- The Washington Times - Monday, February 7, 2011

Ecuador’s case against California’s Chevron Corp. has boomeranged against the plaintiffs’ lawyers. Today in Manhattan, federal District Judge Lewis A. Kaplan is considering a RICO (Racketeering Influenced and Corrupt Organizations) complaint Chevron filed Feb. 1 against attorneys and consultants targeting the oil giant.

Nineteen U.S. judges made preliminary rulings in Chevron’s favor and at least four used the word “fraud” to describe the plaintiffs’ legal actions, but the Justice Department has yet to investigate. RICO, best known for nailing Mafia bosses, also is used (sometimes abusively) to bring down alleged corporate scofflaws when a pattern of fraud or corruption is broad enough to qualify as a “criminal enterprise.” Chevron is using part of the statute allowing private individuals to file civil RICO suits claiming they’ve been harmed by such an operation.

The original suit alleged that Texaco (later merged into Chevron) left environmental damage when its 20-year drilling lease in Ecuador expired in 1992. Quito’s previous government - before being replaced by radical, anti-American leftists - officially absolved Texaco of responsibility in 1998. The suit, however, persisted, driven mostly by U.S. plaintiff lawyer Steven R. Donziger and egged on by Ecuadorian President Rafael Correa. The latest claims against Chevron total $113 billion.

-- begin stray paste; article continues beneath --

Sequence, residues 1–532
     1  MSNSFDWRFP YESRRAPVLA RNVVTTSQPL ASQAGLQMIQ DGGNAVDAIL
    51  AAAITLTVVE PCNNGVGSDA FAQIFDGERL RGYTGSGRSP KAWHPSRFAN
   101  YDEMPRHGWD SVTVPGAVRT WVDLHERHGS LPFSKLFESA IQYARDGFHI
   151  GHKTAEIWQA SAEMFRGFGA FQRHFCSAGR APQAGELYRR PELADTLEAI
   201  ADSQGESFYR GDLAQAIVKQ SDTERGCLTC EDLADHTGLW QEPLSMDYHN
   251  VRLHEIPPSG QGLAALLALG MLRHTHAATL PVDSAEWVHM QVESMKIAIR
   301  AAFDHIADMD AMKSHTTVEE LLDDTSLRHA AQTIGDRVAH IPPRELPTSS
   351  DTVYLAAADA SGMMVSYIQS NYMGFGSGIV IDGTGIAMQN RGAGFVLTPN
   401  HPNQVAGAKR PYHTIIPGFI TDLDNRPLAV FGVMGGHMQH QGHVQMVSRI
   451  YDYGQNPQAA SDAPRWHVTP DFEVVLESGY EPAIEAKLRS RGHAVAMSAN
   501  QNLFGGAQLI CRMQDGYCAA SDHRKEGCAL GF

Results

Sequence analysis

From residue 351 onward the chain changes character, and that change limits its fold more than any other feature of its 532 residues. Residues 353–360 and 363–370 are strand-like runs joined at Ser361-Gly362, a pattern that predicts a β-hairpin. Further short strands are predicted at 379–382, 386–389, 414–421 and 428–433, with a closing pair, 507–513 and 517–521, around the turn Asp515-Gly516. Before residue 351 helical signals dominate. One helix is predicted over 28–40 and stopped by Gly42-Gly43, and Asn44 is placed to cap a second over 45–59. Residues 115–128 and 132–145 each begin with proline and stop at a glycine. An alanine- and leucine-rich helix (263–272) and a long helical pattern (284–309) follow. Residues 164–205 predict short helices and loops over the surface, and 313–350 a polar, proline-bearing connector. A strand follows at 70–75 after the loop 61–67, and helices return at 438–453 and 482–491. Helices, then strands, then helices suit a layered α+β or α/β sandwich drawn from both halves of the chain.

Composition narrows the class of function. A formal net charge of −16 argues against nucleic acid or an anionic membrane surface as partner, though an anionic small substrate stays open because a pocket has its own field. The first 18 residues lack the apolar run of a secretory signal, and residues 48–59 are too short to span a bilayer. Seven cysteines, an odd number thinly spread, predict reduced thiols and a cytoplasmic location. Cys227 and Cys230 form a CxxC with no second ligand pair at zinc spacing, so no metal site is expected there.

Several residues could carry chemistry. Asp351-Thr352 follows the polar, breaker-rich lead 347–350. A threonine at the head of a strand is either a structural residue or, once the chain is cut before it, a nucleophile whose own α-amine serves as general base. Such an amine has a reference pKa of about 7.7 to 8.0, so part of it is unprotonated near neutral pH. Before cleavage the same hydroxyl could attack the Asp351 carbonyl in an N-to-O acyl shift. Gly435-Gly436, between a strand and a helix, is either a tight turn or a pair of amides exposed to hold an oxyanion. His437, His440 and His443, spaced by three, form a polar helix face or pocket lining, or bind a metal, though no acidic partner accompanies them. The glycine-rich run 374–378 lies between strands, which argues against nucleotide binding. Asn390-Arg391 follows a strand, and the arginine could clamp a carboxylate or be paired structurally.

Over the past two years, numerous embarrassing revelations about the plaintiffs have come to light, including video of an Ecuadorian judge seeming to join a bribery scheme, a scientific expert alleging the Donziger team falsely signed his name on a report, and film out-takes showing Mr. Donziger bragging about how he curried favor with Ecuadorian officials and supposedly independent experts. A New Jersey federal judge wrote Mr. Donziger’s conduct likely amounted to “a fraud on the judicial proceeding.” A North Carolina federal judge wrote, “What has blatantly occurred in this matter would in fact be considered fraud by any court.” Judge Kaplan earlier stated, “Donziger’s own words raise substantial questions as to his possible criminal liability and amenability to professional discipline.”

Philadelphia lawyer Joseph Kohn, who financed much of Mr. Donziger’s case, admitted, “Increasingly, I have come to realize that my firm and I were deceived, in part apparently driven by a combination of Donziger’s conceit and naivete, a dangerous combination which is leading the case rapidly toward disaster.” Mr. Kohn added that Mr. Donziger’s actions “may have been outrageously improper conduct.” It’s past time for the Justice Department to look into this mess.